The publication must be located within the information cascade framework and make practical sense (explicit or implicit) of the thematic and logical sequence of the economic agent. Thus, the audience should see a trend in publications, act according to which could be profitable. Therefore, one separate publication in the media on economic topics does not give a traceable effect on the economic agents’ behavior (condition 3).

We assume that the relationship between media publication and economic behavior is directly related to information cascades. The more actively information cascades are distributed and the more clearly formulate the problem and the scenario of its solution, the more likely information cascades are leading to economic agents' active actions. Supported by the media effect, the reaction to an event, information, or fact can develop beyond the event's scope.

If the information cascade continues to evolve, although the initial information occasion has lost its relevance, the economic agents' behavior will be marked by a traceable reaction to the media's coverage of events. The study showed that even a completed or no longer relevant event, information or fact can impact economic agents if it is located within an active information cascade. If we exclude the media, it can also be supported by rumors and discussion in social networks.

When economic agents perceive the economic information through media, a semantic distortion effect arises. This effect is the more pronounced, the more the time range between publications within or outside the information cascade. Semantic distortion is the weakening of the lexical context, which is accompanied by the sense blurring. In other words, if publications on one topic are sufficiently distant from each other in time, they will most likely not be perceived as united by a common topic. Accordingly, they will not cause economic agents to act immediately.

Research showed that for information cascades with more than 200 publications, semantic distortion occurs when one publication is more than 8 days away from another. When the distance is 16 to 18 days long, the information cascade begins to disintegrate. When the distance becomes more than 28 days economic agents do not identify the information cascade as a whole.

These results are based on two focus groups conducted. A sample of 18 members of the Russian general public (11 male and 7 female, median age = 37.15) were recruited to participate in two separate focus groups. The first focus group included eight businessmen from 35 to 55 years old. The second focus group included ten participants aged 25-45 years old, employees.

Each group was asked to familiarize themselves with two texts on each topic from the sample database. A total of 10 journalistic materials were submitted for discussion. After that, participants were asked two questions - did they read about this problem in the media? (Question one). And did they make any economic decisions after they learned about this problem, if they knew about it earlier - before the focus group was held? (Question two) (table 1 ).

Table 1 -
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Research showed that in those cases where the distance between publications did not exceed the established limits, the economic agents' behavior was manifested to one degree or another.

Thus, the focus group participants confirmed the hypothesis of a correlation between publications in the media and economic agents' actions. We assume that the media can influence economic agents' behavior if publications in the information cascade follow each other almost without interruption. In this case, economic agents develop a complete picture of economic reality. It is noteworthy that until the focus groups were held, part of the participants (5 from group one and 7 from group two) did not suspect that they made economic decisions after learning about certain facts from the media.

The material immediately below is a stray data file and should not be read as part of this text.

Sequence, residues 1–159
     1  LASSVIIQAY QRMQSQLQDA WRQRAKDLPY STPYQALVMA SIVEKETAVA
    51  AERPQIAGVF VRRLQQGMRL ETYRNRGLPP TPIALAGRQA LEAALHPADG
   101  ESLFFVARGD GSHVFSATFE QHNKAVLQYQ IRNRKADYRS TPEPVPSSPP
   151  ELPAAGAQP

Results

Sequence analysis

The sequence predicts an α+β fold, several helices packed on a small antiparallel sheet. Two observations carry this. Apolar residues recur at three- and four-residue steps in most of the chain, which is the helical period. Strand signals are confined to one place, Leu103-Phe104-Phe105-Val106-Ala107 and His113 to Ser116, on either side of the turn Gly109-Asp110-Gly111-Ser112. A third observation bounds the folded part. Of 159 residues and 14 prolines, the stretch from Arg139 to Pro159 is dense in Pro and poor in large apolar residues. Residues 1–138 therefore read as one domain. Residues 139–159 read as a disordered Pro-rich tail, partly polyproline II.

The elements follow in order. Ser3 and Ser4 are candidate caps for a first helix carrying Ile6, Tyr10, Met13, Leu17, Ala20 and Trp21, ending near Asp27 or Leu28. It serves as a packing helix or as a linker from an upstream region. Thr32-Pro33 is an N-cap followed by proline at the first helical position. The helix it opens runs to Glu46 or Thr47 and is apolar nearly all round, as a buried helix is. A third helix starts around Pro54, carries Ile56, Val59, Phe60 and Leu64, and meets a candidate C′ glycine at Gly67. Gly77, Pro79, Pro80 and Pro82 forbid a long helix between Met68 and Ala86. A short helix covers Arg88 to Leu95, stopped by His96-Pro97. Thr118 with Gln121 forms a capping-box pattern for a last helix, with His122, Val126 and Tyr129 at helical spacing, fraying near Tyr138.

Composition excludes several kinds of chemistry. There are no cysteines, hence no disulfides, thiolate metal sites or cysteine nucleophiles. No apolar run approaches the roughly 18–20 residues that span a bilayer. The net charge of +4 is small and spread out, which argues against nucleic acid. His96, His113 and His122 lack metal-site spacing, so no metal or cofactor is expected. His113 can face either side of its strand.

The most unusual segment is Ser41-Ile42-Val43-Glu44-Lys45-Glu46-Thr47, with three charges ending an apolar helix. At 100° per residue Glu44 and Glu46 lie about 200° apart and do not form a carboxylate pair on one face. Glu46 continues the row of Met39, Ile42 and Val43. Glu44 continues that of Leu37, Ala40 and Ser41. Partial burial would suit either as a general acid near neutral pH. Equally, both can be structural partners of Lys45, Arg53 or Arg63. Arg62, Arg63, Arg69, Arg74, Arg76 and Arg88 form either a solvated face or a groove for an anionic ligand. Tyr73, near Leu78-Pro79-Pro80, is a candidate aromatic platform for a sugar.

Conclusion

Since the research was conducted on a limited sample of Russian media as an example, its results can be transferred to a more general level with additional verification only. Also, an additional problem may be the revealed regularity between the media agenda and economic agents' behavior, since it is directly determined by the content and can potentially show a different result on other material.

The research showed that economic agents' behavior depends on their psychological characteristics (for example, suggestibility and anxiety), and the results may differ depending on the mentality of the audience. The study can be useful in information policies creation to highlight economic problems and achieve the desired effect. Research can also have practical meaning for understanding the psychology of the perception of economic agents and the formation of curves of these agents' response to various informational stimuli.

The study results can be useful for the formation of ideas about the actual behavioral factors of economic agents, which can be influenced through the media, and accordingly, they can be pre-programmed. This study also points to some critical questions for further research. First of all, it concerns the research of economic agents' reaction to various information events and facts in the framework of information cascades, when these cascades are formed by fake news and do not exist in the real economic agenda. Future research can examine influence of these information cascades on the value economic agent’s behavior.

Can information cascades serve the tasks of propaganda and the formation of public opinion in general and not just economic agents? Does the influence of information cascades differ depending on the socio-demographic characteristics of the audience? These questions will also be answered in a further research.

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Publisher

European Publisher

First Online

16.04.2021

Doi

10.15405/epsbs.2021.04.20

Online ISSN

2357-1330